KSW: Your question is definitely more interesting than my answer is going to be! I want to ask you more about that. I had a lot of trouble organizing my book. Maybe the most trouble, because the shapelessness of the book made me doubt the individual poems themselves, so it was one of many contributing factors to always being this close to just starting over from scratch. Artistically, I wanted poems to feel like they lead into one another rhetorically or emotionally but not logically--something like the way I link my lines together in poems. A lot of times, I want for the space between what is actually said to be its own poetic gesture.
But for me organizing my manuscript became a process altogether different than writing the poems. I mean that it wasn't as heavily an artistic process. Which I'll get into in a second what I mean by that. But practically, I was kind of aware that I have a lot of political poems, and a lot of family poems, and a lot of love poems, and I didn't want sections, so what I didn't want to do was have someone read a number of any of those poems in a row and think: "this is what this book is. This is a book of love poems. This is a political book." Because of course it is, but it's always also something else. So I bought multi-colored paper clips and made each color be a topic or theme, and made sure that in addition to having those associative leaps between poems, I wasn't leaping into another poem that felt too closely aligned with the first in the matter of its most front-facing theme.
And that's kind of frustrating to me, because poets don't usually have to worry about that as much. Like, the economics of popular art imposes all kinds of artificial restraints that affect the shape and message of the art itself in really pronounced ways. So music tends to be around 3 minutes, and almost always has a "hook," because this is how you get radio play. Or TV shows tend to hover around a couple of very common running times, and even now that they're streaming, they're usually broken up into acts as if there are still commercials that go between them. If music or film were invented today, it might be as boundless. Like one episode of a show might be 23 minutes and the next 68, because why not?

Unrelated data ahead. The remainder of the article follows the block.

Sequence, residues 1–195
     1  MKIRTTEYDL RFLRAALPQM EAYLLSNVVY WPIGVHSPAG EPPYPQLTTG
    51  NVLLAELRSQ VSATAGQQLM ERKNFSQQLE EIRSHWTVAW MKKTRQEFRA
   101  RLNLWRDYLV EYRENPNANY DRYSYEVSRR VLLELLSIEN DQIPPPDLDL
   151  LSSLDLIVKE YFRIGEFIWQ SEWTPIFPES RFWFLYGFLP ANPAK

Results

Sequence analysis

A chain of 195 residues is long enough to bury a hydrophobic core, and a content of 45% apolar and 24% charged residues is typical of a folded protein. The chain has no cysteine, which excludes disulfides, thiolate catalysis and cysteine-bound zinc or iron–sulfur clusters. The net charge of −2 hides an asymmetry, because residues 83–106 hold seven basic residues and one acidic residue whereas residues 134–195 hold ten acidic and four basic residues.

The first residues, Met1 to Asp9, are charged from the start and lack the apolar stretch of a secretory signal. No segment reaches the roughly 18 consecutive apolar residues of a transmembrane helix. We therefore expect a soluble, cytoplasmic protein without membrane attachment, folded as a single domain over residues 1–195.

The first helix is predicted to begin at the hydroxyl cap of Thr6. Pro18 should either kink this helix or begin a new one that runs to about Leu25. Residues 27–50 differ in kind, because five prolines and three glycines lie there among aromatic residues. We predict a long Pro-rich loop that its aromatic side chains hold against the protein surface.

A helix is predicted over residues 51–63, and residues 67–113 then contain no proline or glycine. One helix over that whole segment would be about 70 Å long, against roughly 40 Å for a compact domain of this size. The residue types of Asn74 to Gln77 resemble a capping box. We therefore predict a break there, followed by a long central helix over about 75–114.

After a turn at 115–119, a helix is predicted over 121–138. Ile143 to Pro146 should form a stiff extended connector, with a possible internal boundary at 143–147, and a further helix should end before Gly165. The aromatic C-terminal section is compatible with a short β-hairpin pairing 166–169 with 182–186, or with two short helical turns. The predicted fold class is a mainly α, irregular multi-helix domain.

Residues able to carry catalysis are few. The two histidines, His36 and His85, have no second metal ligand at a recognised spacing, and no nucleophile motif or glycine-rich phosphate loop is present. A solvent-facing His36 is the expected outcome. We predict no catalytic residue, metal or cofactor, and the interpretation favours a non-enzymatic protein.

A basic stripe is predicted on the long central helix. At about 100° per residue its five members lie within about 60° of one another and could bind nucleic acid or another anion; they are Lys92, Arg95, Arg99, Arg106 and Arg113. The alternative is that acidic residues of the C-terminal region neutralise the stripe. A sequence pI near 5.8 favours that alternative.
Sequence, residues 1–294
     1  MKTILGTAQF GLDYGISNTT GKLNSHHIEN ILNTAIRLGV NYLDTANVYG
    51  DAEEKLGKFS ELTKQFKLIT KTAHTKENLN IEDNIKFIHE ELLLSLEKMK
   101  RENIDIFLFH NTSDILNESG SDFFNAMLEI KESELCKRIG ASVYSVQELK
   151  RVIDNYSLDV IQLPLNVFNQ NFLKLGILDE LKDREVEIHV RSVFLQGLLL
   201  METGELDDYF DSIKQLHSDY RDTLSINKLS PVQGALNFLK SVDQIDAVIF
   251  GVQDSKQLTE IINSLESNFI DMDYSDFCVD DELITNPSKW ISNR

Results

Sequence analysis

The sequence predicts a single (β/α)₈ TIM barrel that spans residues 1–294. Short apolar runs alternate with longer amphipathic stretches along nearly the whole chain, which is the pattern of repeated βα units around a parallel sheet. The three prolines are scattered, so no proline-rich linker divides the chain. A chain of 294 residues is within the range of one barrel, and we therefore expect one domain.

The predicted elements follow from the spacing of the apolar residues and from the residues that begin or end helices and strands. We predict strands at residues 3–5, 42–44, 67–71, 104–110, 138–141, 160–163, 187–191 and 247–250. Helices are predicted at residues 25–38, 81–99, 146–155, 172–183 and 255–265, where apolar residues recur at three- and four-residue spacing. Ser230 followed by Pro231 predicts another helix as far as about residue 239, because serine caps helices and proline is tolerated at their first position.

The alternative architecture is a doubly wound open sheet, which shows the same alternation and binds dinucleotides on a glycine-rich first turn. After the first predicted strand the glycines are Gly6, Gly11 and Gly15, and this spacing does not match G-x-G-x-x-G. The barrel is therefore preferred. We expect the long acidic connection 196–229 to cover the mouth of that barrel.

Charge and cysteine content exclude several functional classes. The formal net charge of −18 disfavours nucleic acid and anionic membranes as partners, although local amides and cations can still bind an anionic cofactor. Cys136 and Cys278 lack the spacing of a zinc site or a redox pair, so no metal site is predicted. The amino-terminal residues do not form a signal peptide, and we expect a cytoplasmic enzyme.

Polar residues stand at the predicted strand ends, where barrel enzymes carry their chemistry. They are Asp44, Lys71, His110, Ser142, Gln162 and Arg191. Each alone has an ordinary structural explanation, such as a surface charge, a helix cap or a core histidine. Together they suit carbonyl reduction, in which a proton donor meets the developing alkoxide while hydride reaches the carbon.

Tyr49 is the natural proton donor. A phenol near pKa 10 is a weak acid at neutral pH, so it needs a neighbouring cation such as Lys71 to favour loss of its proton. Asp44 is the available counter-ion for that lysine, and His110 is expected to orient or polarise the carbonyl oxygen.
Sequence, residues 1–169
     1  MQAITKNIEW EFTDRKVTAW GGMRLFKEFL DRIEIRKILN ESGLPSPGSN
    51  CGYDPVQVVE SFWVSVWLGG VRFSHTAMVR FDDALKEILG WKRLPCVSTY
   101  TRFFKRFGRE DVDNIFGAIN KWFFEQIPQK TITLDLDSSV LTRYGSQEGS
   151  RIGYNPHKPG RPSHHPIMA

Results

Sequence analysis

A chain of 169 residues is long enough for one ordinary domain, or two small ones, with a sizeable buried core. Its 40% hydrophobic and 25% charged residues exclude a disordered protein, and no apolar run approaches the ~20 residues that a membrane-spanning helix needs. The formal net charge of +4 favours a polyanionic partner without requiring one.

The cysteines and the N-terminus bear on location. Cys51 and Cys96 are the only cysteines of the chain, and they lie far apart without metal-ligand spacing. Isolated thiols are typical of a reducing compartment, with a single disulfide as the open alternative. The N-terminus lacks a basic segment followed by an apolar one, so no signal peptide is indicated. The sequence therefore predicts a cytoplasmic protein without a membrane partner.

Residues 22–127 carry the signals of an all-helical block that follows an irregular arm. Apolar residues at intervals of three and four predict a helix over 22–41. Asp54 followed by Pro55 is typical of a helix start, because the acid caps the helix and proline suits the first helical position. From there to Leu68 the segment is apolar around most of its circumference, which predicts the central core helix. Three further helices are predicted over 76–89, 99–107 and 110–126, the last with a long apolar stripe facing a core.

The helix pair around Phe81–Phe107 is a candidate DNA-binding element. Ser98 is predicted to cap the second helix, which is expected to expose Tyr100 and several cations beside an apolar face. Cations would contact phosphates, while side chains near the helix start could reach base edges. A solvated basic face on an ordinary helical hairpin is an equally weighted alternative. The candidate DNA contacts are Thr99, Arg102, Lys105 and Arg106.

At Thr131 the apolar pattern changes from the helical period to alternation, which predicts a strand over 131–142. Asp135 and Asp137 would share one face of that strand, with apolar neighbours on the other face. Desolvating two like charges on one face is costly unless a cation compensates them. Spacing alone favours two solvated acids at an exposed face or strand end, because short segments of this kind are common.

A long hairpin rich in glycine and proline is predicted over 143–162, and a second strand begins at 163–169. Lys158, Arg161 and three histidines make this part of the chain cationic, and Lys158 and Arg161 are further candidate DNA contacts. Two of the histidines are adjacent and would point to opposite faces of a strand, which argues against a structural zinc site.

But poetry is weird because on the level of the individual poem, I don't personally feel pressured to write with that kind of constraint, and part of that has to do with the fact that there isn't really a model for poetry to generate money for anyone at the level of the journal, so the constraints that push poetry are usually not on the level of how the poem grabs you. At least not until it becomes a manuscript, which is when there is SOME money involved. A book prize, or someone being paid to be a judge. And what that means is there's a tremendous pressure to have a fully edited manuscript that presents itself as exquisite and intentional, even when each poem is actually its own private book that wasn't designed to interact with other poems that way. I feel like there should be more room for "collected works" style books that are a poet's first book. I'm happy with the layout of my collection but something about the process feels like asking a director: "Okay, now that you have some movies under your belt, can you arrange them so they all speak to each other?"
PTV: Well, I think that was an interesting answer! Haha. Now maybe someone will organize a “collected works” first book and subvert the imperatives of publishing.